Opposing Minds Challenge the Political Climate of UVM as Election Nears

UVM Students

By Lauren Foley

By Lauren Foley
Unigo Campus Rep at UVM

The political climate on the University of Vermont’s campus is undoubtedly liberal. Political activism is rampant on campus, with some students selecting UVM largely based on that element of the school.  During my undergraduate career alone, I have witnessed a hunger strike, political rallies sans clothing, students who created a tent city on the campus green, and overzealous Christian preachers, unaffiliated with UVM, insisting our souls must be saved. The majority of the student body is actively involved in some kind of political activism and eager to show it.

With the presidential election quickly nearing, activism is at an all time high. The two student newspapers, The Vermont Cynic and the Water Tower, have been dedicating more and more coverage to issues around the election. UVM students wander Burlington with clipboards, eagerly registering young people to vote. Obama posters are prominently displayed in residence hall windows and other public posting areas on campus, students intently tune into many of the debates, conventions, and updates on the Daily Show, and the College Republicans and College Democrats continue to meet often and campaign in any way they can for their party.

The political activity on campus is thriving, though for the most part, liberal, especially in regards to the election. In fact, Many conservative students are openly ridiculed, which is ironic considering many more liberal students insist they are open-minded and generally accepting, and yet seem to forget the fact that all students have a right to their personal political beliefs—however right wing they may be.

Rick Valenta, Vice President of the College Republicans, does not feel that the club is at a disadvantage considering it is part of such a liberal university: “Being the minority gives us a chance to have our voices heard on campus and open people’s minds up to issues they might not have thought about.” He noted that in regards to the upcoming election, “Individual members are working on state and federal election campaigns,” and that members continue to fight to have their voices heard, largely through weekly meetings and Op-Ed pieces for the Vermont Cynic. Seemingly aware of the liberal bias on campus, he notes that, “[The College Republicans] are not pushing the same agenda as the rest of the country,” insisting that the members are from Vermont, and though Republican, unusually liberal.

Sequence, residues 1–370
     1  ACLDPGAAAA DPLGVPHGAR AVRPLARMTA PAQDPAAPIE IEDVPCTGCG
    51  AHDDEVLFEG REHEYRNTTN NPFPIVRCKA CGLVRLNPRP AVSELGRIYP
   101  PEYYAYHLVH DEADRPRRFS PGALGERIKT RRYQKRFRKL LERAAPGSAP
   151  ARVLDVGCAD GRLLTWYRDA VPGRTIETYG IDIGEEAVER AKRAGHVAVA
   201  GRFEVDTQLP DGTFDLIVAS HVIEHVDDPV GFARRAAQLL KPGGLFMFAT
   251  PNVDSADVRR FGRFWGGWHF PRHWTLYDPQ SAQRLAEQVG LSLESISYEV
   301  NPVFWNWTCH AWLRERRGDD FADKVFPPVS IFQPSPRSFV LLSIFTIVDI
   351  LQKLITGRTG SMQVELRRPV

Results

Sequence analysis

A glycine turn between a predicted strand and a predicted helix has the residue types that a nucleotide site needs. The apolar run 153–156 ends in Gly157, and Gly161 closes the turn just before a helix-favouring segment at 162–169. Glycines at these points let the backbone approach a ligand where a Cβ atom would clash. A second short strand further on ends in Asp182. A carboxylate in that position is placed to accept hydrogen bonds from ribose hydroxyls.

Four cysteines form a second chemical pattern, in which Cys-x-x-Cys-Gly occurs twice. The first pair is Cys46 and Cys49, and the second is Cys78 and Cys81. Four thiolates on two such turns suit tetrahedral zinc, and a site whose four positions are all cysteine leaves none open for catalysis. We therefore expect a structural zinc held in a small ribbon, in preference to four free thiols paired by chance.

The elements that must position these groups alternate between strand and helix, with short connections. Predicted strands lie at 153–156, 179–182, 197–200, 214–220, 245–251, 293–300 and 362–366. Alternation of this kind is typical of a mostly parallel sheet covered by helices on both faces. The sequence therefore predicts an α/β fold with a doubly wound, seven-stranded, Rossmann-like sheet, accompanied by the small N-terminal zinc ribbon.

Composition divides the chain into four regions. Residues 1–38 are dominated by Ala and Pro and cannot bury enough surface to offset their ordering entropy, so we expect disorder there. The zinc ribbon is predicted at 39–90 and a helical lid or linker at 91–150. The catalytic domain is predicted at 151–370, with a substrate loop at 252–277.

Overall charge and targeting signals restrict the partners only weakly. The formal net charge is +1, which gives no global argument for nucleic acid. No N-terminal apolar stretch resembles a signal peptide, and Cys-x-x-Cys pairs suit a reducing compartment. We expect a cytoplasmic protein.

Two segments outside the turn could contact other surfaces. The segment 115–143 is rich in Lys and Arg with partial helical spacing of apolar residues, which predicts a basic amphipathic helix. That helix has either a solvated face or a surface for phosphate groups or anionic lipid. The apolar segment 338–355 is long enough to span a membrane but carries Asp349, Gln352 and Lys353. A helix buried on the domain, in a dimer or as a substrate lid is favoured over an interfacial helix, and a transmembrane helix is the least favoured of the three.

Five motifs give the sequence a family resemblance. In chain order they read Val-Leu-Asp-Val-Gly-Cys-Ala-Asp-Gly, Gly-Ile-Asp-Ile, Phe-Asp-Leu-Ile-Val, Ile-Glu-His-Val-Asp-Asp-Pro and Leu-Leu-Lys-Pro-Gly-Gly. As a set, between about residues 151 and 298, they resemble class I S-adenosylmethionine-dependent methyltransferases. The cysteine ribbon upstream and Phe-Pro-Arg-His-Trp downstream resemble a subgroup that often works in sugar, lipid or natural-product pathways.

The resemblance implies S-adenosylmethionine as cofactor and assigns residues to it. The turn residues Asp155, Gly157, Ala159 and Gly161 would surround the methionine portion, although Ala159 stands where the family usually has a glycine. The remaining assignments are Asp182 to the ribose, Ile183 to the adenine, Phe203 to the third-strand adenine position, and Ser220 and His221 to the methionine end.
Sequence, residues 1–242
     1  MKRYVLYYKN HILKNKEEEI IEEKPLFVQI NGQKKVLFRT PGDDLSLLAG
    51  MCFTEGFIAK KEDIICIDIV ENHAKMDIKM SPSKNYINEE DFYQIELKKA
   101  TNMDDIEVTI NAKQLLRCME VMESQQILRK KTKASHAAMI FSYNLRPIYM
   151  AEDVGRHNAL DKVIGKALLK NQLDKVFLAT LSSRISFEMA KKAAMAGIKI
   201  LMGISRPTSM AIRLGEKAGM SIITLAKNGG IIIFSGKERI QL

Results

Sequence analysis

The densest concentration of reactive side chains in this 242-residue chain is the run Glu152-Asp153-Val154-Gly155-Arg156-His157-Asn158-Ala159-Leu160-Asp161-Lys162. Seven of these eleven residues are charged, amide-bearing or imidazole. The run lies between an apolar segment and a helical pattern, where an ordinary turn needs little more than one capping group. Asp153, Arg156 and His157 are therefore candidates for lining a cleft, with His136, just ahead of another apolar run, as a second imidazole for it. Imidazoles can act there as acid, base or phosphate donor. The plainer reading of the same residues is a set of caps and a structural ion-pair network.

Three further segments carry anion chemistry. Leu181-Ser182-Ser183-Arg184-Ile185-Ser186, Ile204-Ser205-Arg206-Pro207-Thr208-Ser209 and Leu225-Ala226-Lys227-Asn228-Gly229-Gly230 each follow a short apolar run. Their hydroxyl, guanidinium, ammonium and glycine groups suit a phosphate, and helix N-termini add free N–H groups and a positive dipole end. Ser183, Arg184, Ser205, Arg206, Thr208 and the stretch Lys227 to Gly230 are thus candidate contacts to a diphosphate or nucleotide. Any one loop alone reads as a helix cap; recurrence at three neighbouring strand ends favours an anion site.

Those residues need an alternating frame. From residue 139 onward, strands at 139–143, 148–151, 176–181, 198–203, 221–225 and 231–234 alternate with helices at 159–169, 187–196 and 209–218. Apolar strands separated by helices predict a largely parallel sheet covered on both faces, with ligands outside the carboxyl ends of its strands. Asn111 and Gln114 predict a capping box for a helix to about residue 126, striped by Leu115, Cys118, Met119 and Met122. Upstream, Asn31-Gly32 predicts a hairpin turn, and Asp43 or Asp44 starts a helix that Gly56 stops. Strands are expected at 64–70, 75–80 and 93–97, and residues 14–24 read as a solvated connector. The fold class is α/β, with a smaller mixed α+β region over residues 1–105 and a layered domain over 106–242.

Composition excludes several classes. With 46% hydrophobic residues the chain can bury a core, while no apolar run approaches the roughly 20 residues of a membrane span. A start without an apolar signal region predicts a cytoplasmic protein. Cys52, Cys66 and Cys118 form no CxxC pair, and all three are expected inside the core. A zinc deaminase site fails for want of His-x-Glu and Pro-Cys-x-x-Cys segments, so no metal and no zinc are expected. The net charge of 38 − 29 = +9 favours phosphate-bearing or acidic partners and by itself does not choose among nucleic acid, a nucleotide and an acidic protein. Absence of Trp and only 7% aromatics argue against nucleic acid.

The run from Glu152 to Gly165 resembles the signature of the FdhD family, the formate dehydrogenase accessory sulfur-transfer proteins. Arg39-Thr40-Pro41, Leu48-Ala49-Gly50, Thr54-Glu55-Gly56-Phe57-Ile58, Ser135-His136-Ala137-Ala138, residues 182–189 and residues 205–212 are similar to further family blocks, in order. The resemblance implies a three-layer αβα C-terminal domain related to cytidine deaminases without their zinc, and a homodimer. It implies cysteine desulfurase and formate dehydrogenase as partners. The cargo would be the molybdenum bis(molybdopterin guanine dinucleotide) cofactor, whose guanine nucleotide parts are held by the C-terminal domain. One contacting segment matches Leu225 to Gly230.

After being derecognized as a student club by the SGA due to financial reasons, the College Republicans are up and running once more, and working very hard to campaign for presidential candidate John McCain, though they are clearly in the minority. They first lost funds in 2005 after an appearance by Former Republican House Speaker, Newt Gingrich failed to raise profits that they needed to repay a loan. In early 2008, however, when Democrat Chelsea Clinton arrived to speak on behalf of her mother, hundreds of students enthusiastically met her downtown despite frigid temperatures, waving signs and chanting Hillary’s name. Later, students joined her at the Davis Student Center to listen and participate in a lengthy question and answer session. In such an atmosphere, members of the College Republicans must work twice as hard to be heard.

The College Democrats, though they could not be reached for this article, have been holding weekly meetings and promoting Obama in any way they can. The group is large and very popular on campus, which makes sense considering UVM’s generally liberal atmosphere.

The Student Government Association President, Jay Taylor, feels that the political climate on campus this fall may be active, but in general, young people have yet to live up to the great standard UVM has embarked on: “Our population is aging and empowering the youth of this state is the best way to engage this generation that I have yet to see politically engaged (at least on a large scale).” When asked about what he is doing to promote a specific candidate on campus this fall he notes on behalf of the SGA, “We will not endorse any one candidate because I think that would polarize part of the student body against the SGA and we are merely attempting to present the issues and the candidates to the students and empower them to make up their own mind.” This seems fair, though it is strange that he does not mention the liberal bias on campus.

In regards to the upcoming election, it is no secret or surprise that the majority of UVM students have embraced and eagerly campaigned for Barack Obama. Campus continues to reverberate with the tension caused by a small conservative population struggling to be heard over thousands of liberal students, and many do not forecast it as fizzling out anytime soon. Amber Clark, Staff Editor for The Vermont Cynic, notes that while, “Sitting around the student center I hear students debating the opponents as often as they regale each other with last weekend’s shenanigans.” And despite the overwhelming population of liberal students on campus, she must remain unbiased in her writing. “When covering the election as a news-writer it is crucial and imperative to not only deliver the story from an unbiased view as well as giving equal coverage to both sides. You cannot present simply one opinion or side of the story,” says Clark. However, “If you're writing a column or an op-ed piece then anything goes, the more opinionated you are the better.”

UVM, a notoriously liberal and politically active school, is obviously a hotbed of opposing views for certain causes. In regards to the upcoming election, tempers are running high as passionate students campaign. At a school like UVM, one can certainly expect nothing less.